Big Three legally bound to reducing emissions


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The Independent Online

The world's three biggest emitters of greenhouse gases, China, the US and India, will be legally bound to cut their emissions for the first time under a new global warming treaty prefigured at the close of the Durban climate conference yesterday.

The move, finally agreed at 5am on Sunday, is a substantial step forward in fighting climate change, as between them the "Big Three" emit 46 per cent of carbon dioxide pouring into the atmosphere annually, yet are not currently obliged to cut this back in any way.

The fact that their emissions will now be brought into a binding reduction framework gives some hope that the world may hold the expected rise in global temperatures under the danger threshold of 2C above pre-industrial levels. Without their participation, the chances of this were zero.

Yet at the start of the conference all were resolutely opposed. The fact they were persuaded to change their minds was a victory for the European Union, which came to Durban with the aim of negotiating a "road map" to a new climate pact binding every country of the world. The current climate treaty, the Kyoto Protocol, does not cover them.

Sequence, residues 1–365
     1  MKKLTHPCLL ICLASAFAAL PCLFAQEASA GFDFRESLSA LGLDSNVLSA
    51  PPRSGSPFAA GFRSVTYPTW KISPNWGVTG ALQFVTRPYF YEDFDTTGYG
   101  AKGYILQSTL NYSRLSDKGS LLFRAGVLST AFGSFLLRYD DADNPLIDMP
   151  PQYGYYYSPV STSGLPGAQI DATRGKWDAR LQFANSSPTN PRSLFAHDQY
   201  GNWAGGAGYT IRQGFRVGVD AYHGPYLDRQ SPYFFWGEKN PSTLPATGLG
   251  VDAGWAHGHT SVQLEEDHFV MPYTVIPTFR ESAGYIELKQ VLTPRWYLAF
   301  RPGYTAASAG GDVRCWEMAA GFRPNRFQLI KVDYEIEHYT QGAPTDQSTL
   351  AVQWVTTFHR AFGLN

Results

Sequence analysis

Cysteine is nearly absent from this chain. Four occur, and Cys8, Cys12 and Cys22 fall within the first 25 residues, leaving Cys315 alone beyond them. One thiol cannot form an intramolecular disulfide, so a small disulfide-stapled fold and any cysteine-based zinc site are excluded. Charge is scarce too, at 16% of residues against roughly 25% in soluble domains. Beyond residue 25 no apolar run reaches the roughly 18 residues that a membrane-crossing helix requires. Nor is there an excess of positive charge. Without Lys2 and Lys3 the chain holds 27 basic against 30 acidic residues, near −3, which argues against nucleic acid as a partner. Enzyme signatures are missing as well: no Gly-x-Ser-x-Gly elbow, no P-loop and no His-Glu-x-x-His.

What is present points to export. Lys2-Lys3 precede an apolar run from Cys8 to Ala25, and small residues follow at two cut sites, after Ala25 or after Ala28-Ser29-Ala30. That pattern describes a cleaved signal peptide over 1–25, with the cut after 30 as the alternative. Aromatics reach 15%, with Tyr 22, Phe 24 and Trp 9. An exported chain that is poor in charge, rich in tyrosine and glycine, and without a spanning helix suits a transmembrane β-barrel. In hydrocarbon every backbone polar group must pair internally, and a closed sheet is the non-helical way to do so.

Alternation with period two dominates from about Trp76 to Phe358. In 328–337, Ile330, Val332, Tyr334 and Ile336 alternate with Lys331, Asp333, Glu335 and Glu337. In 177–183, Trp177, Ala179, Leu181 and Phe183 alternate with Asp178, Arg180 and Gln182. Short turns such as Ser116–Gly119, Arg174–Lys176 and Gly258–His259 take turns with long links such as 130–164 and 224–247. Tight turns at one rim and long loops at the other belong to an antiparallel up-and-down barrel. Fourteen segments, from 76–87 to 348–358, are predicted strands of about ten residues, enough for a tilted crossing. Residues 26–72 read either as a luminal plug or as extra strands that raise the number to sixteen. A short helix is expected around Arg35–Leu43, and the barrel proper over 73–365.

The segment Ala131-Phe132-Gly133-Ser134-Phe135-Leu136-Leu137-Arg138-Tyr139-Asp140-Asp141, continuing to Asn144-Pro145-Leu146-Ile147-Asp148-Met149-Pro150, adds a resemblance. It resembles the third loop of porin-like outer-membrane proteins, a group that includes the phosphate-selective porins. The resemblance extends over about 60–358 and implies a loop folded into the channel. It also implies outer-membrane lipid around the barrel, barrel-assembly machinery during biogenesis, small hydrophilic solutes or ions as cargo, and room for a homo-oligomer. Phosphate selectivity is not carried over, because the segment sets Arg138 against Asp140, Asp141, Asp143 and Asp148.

The EU succeeded in its three aims – a new legal treaty, with a signing by 2015, and an entry into force by 2020.

The conference was finally saved by a deal between two women – the EU Commissioner for Climate Action, Connie Hedegaard from Denmark, and the Indian Minister of Environment Affairs, Jayanthi Natarajan, who agreed on a final formula.

In return for the agreement, the EU agreed to a new version of the Kyoto Protocol, which has in the past been important to the developing countries as a talisman of rich countries' good faith, but is increasingly seen as less important. The concerns of countries such as India and China about climate action harming their development have been recognised by the setting up of the Green Climate Fund, which will channel the $100bn per year of finance which wealthy nations have promised by the end of the decade.

Chris Huhne, the Energy and Climate Change Secretary, said: "This deal is a significant step forward."


Durban deal clinched by two strong women, a united EU and a compromise